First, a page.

In doing a quick Google search, I came across the following article that may be of interest to others, as it mentions a MAX_PATH with a default of [260]:

Maximum Path Length Limitation

In the Windows API (with some exceptions discussed in the following paragraphs), the maximum length for a path is MAX_PATH, which is defined as 260 characters. A local path is structured in the following order: drive letter, colon, backslash, name components separated by backslashes, and a terminating null character. For example, the maximum path on drive D is "D:\some 256-character path string" where "" represents the invisible terminating null character for the current system codepage. (The characters < > are used here for visual clarity and cannot be part of a valid path string.)

Seriously Microsoft? You designed an API that exposes a physical constraint of your file system design - and applied it to the web?

I suspect that if Sharepoint were designed with something like the JSR 170 approach (Content Repository API for Java) - then this type of limitation would not be an issue.

Apache Jackrabbit is an implementation of JSR 170

2012-12-16 Sunday Update:

Apparently there is another manifestation of this constraint in the Microsoft ASP.NET implementation:

HttpContext.Current.Server.MapPath fails for long file names

Back in 2006, some empirical findings were published on that are worth noting: you will note, 2,000 would appear to be a minimally supported length across the various browsers and servers that were tested.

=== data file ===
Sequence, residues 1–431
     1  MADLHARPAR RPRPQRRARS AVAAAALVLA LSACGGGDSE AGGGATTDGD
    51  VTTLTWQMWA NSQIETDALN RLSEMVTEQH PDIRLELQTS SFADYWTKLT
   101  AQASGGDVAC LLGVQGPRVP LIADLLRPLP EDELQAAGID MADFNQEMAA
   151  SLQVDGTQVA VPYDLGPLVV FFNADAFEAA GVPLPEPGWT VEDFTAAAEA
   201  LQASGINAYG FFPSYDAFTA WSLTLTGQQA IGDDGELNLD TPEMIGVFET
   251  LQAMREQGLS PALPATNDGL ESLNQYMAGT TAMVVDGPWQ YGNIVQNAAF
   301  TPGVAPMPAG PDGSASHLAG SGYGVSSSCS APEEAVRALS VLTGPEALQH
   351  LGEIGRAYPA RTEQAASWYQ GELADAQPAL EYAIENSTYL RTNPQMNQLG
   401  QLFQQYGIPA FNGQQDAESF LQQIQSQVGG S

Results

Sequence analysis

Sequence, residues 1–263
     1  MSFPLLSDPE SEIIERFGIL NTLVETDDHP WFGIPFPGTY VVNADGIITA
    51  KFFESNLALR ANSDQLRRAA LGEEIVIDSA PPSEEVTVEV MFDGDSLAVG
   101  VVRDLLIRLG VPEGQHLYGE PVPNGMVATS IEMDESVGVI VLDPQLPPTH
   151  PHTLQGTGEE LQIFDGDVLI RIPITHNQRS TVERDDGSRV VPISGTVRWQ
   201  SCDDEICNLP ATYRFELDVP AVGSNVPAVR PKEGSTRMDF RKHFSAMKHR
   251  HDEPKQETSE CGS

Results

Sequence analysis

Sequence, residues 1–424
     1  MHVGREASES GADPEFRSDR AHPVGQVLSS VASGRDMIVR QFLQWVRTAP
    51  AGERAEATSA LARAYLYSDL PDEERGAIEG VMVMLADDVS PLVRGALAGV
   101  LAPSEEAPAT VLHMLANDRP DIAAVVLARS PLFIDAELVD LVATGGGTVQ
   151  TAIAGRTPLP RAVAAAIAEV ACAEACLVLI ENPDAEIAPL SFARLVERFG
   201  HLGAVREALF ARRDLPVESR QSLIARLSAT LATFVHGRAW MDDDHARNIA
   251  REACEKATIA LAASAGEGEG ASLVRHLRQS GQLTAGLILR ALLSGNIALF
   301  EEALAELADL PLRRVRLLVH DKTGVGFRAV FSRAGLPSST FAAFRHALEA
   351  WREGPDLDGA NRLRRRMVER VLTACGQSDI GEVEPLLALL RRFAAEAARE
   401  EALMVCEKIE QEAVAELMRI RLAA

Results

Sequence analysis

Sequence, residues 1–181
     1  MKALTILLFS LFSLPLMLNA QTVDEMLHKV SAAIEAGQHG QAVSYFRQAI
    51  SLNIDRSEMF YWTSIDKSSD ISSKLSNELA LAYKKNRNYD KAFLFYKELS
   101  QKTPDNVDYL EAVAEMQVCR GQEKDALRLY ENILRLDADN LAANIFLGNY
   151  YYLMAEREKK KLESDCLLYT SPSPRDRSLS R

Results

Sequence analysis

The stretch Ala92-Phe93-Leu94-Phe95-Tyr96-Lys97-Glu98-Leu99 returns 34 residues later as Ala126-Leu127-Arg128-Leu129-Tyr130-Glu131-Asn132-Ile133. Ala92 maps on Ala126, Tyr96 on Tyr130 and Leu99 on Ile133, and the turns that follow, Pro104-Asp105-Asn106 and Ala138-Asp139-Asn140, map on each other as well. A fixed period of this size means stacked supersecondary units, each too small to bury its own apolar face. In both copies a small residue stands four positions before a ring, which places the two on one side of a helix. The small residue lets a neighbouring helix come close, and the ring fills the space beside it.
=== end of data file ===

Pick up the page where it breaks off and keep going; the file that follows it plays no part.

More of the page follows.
Per Microsoft Support, IE supports a max. URL length of 2,083 I guess it is just the design and implementation of Sharepoint.


2013-03-24 Sunday Update

You will also run into this issue if you are still using xcopy  


Saturday, December 08, 2012

2012-12-08 Saturday - ISO 3166 Country Codes Utility Class

Last night I was looking for a small coding task that could be completed in an evening - that would allow me to add something of value to a personal utility library - and decided to work on a robust class to handle a variety of tasks related to ISO 3166 Country Codes.

[another one of my side projects is the implementation of a utility library of the United States Postal Service Pub 28 (Postal Addressing Standards) - of which this Country Code utility class will be of some re-use]

Two useful page references:

The utility class I'm working on provides a number of functional capabilities:
  • Stores the following Country Code Information:
    • Short English Name
    • Two Character Alpha Code (Alpha-2)
    • Three Character Alpha Code (Alpha-3)
    • Three Character Numeric Code (Numeric-3)
    • Top Level Domain (TLD)
  • Stores the Country Code data in a multidimensional array for most of the primary functional processing 
  • Stores a Key-Value entry in a HashMap to allow searching by the Short Name, as well as by the following codes: Alpha-2, Alpha-3, Numeric-3, and TLD
  • Utility method to generate an XML structure of the primary array information
  • Utility method to generate HTML select snippets codes for  either Apha-2, Alpha-3, or Numeric-3 value codes.  A parameter allows the developer to specify which Country Code to set as the 'selected' value.  The method determines which type of code was passed via inspection of the characteristics of the single parameter.
  • Utility method to generate the XSD Enumerations for the Alpha-2, Alpha-3, and Numeric-3 Country Codes.
  • Utility method to dump the contents of a Country Code array
  • Utility method to dump the contents of a HashMap - which is searchable by all possible Key-Value combinations
  • Utility method to query the length of the array
  • Utility method to query the size of the HashMap

I've posted  files for the generated HTML select samples on github:gist
I've posted a github:gist file for the XML snippet of the enumerations: